Abstract: We provide a theory of strategic interactions in static games in the presence of ignorance, i.e., when players cannot produce beliefs as probability measures (or similia) concerning the uncertain elements present in the interaction they are involved in. Assuming only players' ordinal preferences as transparent, we investigate players that are either optimistic or pessimistic, that we deem tropical players. To explicitly formalize these attitudes, we employ tools from interactive epistemology, by defining the corresponding epistemic events in epistemic possibility structures, which are the counterpart of epistemic type structures suited for our analysis in the presence of ignorance, We show that the behavioral implications related to common belief in these events have algorithmic counterparts in terms of iterative deletion procedures. While optimism is related to Point Rationalizability, to capture pessimism we introduce a new algorithm, deemed Wald Rationalizability. We show that the algorithmic procedure capturing optimism selects a subset of the strategies selected by the algorithmic procedure capturing pessimism. Additionally, we compare both algorithmic procedures to an analogous algorithm based on Börgers dominance, deemed Börgers Rationalizability, and we show that in generic static games both Point Rationalizability and Wald Rationalizability select a subset of the actions selected by Börgers Rationalizability. More generally, while we prove that dropping the genericity assumption does not change the relation between Point Rationalizability and Börgers Rationalizability, we show that Wald and Börgers Rationalizability are not comparable in their behavioral implications, and we shed light on why this difference emerges. Finally, we explore connections to strategic wishful thinking.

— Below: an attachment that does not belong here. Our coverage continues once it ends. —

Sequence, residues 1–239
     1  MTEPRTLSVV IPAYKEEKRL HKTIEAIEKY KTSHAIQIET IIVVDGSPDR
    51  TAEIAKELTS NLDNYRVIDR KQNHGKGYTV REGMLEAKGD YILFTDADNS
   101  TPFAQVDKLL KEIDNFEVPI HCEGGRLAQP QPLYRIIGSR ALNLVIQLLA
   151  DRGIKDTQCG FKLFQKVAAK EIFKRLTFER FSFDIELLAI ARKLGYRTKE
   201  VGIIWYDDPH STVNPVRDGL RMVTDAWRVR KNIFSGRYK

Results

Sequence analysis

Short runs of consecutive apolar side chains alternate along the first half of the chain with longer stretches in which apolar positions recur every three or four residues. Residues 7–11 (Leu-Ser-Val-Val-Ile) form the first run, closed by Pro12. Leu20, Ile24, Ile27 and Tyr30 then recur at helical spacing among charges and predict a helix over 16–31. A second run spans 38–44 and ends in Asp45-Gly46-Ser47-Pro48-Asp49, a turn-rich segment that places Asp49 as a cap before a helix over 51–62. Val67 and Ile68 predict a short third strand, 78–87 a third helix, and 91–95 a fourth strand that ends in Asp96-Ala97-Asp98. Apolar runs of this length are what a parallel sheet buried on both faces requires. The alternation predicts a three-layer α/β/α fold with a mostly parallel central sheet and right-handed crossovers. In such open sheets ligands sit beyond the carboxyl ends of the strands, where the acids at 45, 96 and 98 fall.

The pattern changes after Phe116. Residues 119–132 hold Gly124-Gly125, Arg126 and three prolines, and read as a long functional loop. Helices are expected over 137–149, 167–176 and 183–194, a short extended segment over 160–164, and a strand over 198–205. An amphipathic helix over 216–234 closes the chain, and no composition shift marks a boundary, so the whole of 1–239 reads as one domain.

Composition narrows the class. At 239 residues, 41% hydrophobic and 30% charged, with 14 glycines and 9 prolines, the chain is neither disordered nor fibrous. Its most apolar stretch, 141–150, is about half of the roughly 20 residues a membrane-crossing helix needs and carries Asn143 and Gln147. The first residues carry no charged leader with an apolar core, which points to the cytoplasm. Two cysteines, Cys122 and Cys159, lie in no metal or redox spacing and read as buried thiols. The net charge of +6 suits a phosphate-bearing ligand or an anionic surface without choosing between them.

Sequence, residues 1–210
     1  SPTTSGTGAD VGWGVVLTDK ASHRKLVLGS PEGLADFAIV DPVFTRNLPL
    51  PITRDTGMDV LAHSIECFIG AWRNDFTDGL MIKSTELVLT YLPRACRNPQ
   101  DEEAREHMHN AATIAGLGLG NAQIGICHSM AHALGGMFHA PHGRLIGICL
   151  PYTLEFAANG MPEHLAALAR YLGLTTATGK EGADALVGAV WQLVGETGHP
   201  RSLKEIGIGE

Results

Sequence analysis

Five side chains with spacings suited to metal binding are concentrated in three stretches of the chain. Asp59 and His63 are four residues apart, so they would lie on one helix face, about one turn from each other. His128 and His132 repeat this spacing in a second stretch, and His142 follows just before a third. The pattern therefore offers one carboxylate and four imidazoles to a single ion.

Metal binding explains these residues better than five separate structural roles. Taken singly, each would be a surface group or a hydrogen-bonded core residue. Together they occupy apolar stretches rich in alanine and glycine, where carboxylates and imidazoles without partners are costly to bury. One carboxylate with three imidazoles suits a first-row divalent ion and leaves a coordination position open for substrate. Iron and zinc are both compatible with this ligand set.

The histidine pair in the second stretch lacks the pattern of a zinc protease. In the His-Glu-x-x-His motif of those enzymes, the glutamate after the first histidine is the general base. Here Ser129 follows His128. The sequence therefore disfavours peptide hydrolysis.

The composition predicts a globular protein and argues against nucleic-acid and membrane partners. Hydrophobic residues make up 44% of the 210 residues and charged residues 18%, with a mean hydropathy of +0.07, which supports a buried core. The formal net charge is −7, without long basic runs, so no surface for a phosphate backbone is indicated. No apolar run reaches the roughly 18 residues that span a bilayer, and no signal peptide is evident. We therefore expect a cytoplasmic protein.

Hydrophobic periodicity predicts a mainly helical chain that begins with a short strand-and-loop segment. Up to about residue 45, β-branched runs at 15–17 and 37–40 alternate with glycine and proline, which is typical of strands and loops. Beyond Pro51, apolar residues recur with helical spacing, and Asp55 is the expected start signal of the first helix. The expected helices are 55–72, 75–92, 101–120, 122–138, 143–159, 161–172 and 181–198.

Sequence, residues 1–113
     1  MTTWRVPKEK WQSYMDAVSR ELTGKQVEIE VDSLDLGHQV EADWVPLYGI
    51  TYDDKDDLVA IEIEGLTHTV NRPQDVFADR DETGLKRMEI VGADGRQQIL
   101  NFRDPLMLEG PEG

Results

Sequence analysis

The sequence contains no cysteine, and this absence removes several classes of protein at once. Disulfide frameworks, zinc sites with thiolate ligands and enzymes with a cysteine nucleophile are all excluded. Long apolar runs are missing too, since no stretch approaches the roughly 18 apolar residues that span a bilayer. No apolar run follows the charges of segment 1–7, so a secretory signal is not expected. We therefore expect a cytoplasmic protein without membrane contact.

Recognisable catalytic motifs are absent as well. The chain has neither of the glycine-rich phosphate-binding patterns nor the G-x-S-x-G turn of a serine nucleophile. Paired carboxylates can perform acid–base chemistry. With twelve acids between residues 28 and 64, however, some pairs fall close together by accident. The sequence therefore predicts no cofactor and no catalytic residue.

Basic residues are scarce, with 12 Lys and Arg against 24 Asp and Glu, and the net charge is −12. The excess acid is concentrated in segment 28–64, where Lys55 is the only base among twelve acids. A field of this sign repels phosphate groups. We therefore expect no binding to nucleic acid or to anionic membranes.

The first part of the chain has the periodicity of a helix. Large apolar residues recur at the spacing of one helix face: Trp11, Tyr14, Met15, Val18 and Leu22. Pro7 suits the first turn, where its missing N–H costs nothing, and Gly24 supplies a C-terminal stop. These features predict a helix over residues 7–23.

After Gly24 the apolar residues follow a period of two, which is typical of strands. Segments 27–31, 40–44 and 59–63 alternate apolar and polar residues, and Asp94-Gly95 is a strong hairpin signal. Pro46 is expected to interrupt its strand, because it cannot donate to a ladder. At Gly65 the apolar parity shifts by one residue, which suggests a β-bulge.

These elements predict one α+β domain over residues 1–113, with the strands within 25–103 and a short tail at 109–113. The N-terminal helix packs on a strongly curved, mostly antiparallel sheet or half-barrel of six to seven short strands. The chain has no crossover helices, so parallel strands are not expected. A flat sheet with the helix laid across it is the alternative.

Working Paper: arXiv